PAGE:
If I use quarts instead of pints, do I still use 1 TB of lemon juice or does that need to be increased?
I would double it.
i was wondering if you can replace the fresh herbs with dryed ones and if so what would be the amount
I’m making this right now with cherry tomatoes because we have so many. If you could smell our kitchen! Thank you for this recipe.
How did you prep the cherry tomatoes? Did u peel them??
did you ever figure this out? 🙂
I made this today and it was delicious! I used San Marzano tomatoes from my garden and I was so happy with the results. Thank you so much for the recipe.
This is my second summer making this marinara with romas and herbs from our garden- simple and delicious! Thank you!
Yay! I’m so glad to hear you enjoy this recipe. Thanks, Rachel!
I made this today using tomatoes and fresh herbs from my garden. I did the extra step with the skins and seeds. It turned out amazing! Even my husband was impressed and he is hard to impress. I will make this again for sure.
Glad to see this recipe. I’ve done a fair bit of canning tomato sauce and I have always heard that it is not safe to can tomato sauce recipes with fresh herbs in a water bath canner. Did you invent this recipe yourself or it based on a tested “safe” canning recipe?
Hi Sarah! That is interesting, I have never heard that. This recipe came from a Better Homes and Gardens canning magazine, this one I think. I thought I had the link down at the bottom of the recipe, I’ll add it now.
This recipe looks delicious! I’m going to make and can it this weekend with a friend. Is there a reason why you don’t add garlic to your recipe? Have you ever? I don’t have time to make a batch to test it – do you think it would be good? I don’t think I’ve ever seen a marinara sauce without garlic!
When it comes to canning, I use recipes from sources I trust and don’t mess with them. I’m nervous that playing around with the recipe will interfere with the shelf stability, so I leave it as is. That being said, I’m sure there are marinara recipes for canning that use garlic, and it’s possible this recipe could be adapted to include garlic without any problems. I just don’t know and can’t make a recommendation. Sorry I’m not more help! I can tell you, however, that this marinara is wonderful! And I’ve never thought twice about the absence of garlic.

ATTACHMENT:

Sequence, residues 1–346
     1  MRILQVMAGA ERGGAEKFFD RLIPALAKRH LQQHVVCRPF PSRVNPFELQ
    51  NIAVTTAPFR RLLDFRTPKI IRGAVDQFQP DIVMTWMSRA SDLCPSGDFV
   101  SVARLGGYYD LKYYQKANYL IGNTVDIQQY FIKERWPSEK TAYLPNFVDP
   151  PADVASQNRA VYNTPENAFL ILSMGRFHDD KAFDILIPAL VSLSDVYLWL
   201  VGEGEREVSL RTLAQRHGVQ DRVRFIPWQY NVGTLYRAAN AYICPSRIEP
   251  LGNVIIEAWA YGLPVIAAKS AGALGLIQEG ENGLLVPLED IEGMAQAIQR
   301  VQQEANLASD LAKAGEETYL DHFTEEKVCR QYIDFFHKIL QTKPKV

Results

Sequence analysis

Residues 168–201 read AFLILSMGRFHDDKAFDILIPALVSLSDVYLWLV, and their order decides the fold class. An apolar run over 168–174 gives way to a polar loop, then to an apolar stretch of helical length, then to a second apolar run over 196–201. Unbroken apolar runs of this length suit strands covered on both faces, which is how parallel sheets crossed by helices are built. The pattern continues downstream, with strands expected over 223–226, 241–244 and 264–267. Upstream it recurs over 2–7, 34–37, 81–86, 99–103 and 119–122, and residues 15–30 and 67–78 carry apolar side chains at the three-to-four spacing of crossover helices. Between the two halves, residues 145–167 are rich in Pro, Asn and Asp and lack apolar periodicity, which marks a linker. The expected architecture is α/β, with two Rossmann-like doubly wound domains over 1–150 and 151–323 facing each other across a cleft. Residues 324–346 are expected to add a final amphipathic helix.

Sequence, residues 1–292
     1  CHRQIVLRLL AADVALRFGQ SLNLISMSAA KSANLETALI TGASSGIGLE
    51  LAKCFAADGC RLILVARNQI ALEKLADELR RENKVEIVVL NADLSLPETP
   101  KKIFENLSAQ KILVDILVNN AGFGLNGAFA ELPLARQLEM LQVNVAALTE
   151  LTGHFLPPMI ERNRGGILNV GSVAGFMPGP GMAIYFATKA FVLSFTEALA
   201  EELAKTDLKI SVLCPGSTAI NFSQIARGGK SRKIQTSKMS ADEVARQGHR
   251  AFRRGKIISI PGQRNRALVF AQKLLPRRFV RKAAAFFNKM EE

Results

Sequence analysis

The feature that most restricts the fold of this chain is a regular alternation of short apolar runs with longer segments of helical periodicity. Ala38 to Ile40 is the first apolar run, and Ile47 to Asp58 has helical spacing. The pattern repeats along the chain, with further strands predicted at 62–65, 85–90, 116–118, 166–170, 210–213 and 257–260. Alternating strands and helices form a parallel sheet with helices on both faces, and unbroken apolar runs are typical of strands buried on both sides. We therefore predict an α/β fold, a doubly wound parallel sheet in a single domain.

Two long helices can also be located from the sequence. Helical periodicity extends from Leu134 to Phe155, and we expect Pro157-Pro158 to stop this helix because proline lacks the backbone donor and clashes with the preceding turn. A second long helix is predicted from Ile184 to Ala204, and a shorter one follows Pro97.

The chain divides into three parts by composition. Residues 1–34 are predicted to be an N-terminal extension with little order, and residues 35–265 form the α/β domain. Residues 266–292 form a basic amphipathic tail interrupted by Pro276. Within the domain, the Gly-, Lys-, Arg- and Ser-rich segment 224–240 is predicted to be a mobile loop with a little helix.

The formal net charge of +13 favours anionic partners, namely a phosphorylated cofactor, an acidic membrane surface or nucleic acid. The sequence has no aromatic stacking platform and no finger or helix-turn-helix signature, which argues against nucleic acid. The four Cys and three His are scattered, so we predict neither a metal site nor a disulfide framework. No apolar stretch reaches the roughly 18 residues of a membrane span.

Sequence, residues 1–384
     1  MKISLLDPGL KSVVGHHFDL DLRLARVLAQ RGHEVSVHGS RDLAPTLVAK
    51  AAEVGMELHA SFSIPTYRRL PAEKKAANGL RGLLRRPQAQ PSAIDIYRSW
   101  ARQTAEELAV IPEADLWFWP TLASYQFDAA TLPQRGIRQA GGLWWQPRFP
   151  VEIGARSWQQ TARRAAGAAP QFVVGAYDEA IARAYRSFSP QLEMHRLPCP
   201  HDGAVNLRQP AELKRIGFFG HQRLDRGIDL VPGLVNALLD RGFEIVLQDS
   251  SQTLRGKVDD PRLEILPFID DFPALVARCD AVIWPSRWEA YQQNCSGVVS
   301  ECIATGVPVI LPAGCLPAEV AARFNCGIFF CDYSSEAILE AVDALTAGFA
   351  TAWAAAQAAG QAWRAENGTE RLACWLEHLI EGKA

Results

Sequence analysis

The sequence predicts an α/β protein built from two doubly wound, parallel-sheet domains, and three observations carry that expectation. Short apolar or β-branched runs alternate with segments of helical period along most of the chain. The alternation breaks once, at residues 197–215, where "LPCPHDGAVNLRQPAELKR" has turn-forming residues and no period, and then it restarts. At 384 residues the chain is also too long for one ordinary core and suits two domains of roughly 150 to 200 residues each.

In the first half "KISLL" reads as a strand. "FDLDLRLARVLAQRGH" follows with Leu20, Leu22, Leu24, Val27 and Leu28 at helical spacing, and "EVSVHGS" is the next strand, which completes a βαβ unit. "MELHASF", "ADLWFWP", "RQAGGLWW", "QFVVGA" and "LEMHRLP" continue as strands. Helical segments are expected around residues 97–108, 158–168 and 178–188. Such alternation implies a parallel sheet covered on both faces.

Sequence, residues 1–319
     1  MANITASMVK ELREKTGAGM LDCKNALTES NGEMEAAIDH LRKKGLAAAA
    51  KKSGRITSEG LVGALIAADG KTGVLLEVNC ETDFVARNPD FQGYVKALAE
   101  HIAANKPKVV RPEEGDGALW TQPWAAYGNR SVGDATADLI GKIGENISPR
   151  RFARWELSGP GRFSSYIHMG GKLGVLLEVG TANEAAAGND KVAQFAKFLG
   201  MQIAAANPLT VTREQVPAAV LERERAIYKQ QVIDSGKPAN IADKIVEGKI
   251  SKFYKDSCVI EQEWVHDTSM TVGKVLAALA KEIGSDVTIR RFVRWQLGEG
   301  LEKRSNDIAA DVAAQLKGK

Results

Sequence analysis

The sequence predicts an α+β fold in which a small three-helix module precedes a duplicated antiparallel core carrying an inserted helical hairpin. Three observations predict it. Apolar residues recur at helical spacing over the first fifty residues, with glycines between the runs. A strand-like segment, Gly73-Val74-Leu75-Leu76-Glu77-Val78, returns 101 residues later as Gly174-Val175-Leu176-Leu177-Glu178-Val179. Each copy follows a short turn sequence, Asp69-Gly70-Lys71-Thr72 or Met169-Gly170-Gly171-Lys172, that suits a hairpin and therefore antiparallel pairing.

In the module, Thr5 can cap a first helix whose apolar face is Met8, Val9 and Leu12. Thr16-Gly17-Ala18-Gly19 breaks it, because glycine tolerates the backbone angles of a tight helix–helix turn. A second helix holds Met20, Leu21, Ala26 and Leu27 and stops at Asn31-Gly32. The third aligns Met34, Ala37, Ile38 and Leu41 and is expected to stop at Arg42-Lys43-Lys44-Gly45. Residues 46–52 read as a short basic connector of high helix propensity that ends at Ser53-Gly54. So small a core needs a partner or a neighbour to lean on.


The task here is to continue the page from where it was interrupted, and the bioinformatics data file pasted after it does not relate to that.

How many pint jars does this make?
If I wanted to add garlic to this – what steps could I add that In?
Not sure, I’ve never tried this recipe with garlic.
Roma’s are tasty but try the San Marzano for sauce. They are easy to grow like Roma’s and the taste? Will leave you speechless!
If you use the kitchen aid attachment to extrude the seeds and skins at what point do you do it. This would eliminate the scoring and removal of skins I think.
For the last few years I was freezing just a raw tomatoes but this time I’ll try this recipe. It should be easy when I have your tips 🙂
Purely fantastic. IBS-friendly. It is near impossible to find a store-made marinara without onion and garlic. This recipe makes their absence unnoticeable and I hope fellow IBS folks will find your page. The taste is out-of-this-world. My daughter and I followed the recipe completely and had fresh basil but no other fresh herbs. We used the dried Italian herb blend and only had to add about a teaspoon, but we only had 6lbs of tomatoes. ? ? win!!!!!
I’m a bit confused with the recipe. It says a handful of the three herbs plus 2 cups basil. But it also reads to add 1 cup of the variety of 3 herbs plus 2 cups basil.
Then it reads this is for 12 pounds of tomatoes.
I’m thinking I have a lug which is 22 pounds maybe 24 pounds and would have to double with these herbs. Don’t you think that might be a bit too much.
Please tell me before I buy more herbs. This is fun but very time consuming,as I am one person.
Hi Tamara! The recipe calls for 2 cups basil, chopped and 1 cup of assorted herbs (rosemary, thyme, oregano, etc), chopped. I can’t find another place in the recipe where it states other amounts. If you’re doubling this recipe, you could probably get away without doubling the herbs if you’d like, as this sauce is has a strong herb flavor. But you can of course double the herb about too! Just be sure you have a few pots to cook down the sauce, it starts with a large volume and slowly cooks down to 12 cups. Hope this helps!
I’m making this right now, I don’t have any lemon juice, can I use vinegar instead?
With canning recipes, the recommendation is to follow the recipe exactly so it preserves properly without spoilage. If you aren’t planning on canning the tomato sauce you can just leave the lemon juice out.
This tasted like utter and complete crap, way too salty
Do I HAVE to get rid of skins and seeds or…..can I blend it all in and still be safe?
Getting rid of skins and seeds is for texture not for safety. If you want to leave them in, that’s up to you. They won’t blend up completely, however, so just be aware of that.
We use this recipe every year!
Have made this sauce many times and it’s always delish. Try adding minced garlic, tomato paste, and/or a can of crushed tomatoes. I like it chunky but have used the immersion blender to make it smoother for spaghetti and meatballs.